Article Text

G443 Paediatric organ donation – a uk challenge
  1. A Scales1,
  2. K Hawkins2,
  3. E Wong3
  1. Organ Donation and Transplantation, NHS Blood and Transplant, London, UK
  2. PICU, Manchester Children’s Hospital, Manchester, UK
  3. Clinical Statistics, NHS Blood and Transplant, Bristol, UK


Introduction The overall trend of an increase in organ donation (OD) has not been replicated in the paediatric population. Individual units have wide variations in practice and raise the question of whether bespoke national strategies would contribute to the aim of increasing OD in this area.

Method The UK has 27 paediatric intensive care units (PICU) on the potential donor audit (PDA). Individual unit data was extracted from Apr15–Mar16.

Discussions were held with clinicians and specialist nursesorgan donation (SNODs) from units regarding practices.

Results 93% of children <16 years that met a referral criteria died in PICU, 92% of eligible donors were also in PICU.

Nationally neurological determination of death (NDD) was suspected in 90 cases, 59 NDD tests performed.

111 (61%) eligible donors were approached. Non identification was the reason for non approach in 16 (22%) of cases. SNODs were involved in 76 (68%) of approaches.

Consent was gained in 45 (41%) of families approached. Reasons for non consent were varied; surgery to the body was highest at 18%.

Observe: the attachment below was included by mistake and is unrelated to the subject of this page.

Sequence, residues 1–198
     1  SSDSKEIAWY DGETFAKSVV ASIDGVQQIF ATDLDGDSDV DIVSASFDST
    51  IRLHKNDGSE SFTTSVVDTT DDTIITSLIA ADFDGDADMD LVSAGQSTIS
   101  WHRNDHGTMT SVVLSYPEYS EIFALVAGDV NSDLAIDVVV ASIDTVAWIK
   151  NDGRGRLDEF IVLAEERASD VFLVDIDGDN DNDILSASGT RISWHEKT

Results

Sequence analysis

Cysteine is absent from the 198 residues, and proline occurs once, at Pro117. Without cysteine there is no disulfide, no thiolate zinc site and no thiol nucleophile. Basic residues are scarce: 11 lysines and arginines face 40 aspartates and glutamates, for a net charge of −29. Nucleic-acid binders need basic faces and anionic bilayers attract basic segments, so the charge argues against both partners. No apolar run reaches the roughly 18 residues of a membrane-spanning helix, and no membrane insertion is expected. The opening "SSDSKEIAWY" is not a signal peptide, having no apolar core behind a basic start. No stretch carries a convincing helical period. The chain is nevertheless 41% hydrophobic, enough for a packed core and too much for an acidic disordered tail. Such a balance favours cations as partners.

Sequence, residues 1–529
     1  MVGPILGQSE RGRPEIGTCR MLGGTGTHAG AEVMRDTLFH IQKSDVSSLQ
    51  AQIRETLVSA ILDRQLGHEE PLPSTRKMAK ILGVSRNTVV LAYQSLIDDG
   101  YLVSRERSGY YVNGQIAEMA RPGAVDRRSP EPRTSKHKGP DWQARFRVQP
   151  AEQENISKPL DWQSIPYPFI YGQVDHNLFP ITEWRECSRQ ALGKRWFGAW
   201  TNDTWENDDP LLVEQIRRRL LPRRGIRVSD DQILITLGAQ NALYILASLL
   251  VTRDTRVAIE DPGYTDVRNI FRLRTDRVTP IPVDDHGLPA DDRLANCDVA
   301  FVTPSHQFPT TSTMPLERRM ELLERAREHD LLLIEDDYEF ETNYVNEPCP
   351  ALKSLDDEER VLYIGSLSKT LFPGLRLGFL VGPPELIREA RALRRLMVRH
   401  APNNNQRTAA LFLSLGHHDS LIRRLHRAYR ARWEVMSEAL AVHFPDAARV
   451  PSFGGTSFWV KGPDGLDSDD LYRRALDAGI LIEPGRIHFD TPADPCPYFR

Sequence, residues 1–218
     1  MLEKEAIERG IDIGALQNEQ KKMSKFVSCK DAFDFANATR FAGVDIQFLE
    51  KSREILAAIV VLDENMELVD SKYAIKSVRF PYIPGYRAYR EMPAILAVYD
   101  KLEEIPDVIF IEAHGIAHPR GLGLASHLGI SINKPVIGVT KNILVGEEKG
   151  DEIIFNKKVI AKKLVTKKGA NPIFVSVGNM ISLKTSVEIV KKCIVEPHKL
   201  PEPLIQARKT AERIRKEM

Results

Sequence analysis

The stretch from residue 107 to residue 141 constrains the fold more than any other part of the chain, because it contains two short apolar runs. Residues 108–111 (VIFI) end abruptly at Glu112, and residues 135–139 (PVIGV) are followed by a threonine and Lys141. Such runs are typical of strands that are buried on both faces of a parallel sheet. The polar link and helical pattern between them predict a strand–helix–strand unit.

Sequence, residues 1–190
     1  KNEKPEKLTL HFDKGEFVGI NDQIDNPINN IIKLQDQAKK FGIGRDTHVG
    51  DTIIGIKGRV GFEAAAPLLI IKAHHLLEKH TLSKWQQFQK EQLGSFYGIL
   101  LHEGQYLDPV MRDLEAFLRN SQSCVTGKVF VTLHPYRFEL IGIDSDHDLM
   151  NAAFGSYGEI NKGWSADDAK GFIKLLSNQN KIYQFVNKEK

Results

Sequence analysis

The data has shown that the neurological testing rate, approach rate, SNOD involvement and the consent rate varied from 0% to 100% across the centres.

Conclusion The data shows wide variation in unit processes, understanding the reasons for this variation is important in achieving potential for OD. Only 16 (6%) of the SNOD team have a paediatric qualification with 5 (31%) covering a PICU. Training SNODs in PICU processes plays a key role in unit relationships with OD teams.

Demands on SNODs time with priority in areas with greater potential may reduce visibility in PICUs, potentially impacting on unit relationships.

Overall data shows SNOD involvement in approach improves consent, this trend is replicated here. More research in consent for paediatrics is required to incorporate the specific needs of families in the context of these discussions.

In high performing units there is a best practice culture with open team discussion regarding OD being a regular event.

The benefits of embracing differences in practice, along with bespoke strategies to ensure OD is considered as a usual part of end of life care in paediatrics will be far reaching.

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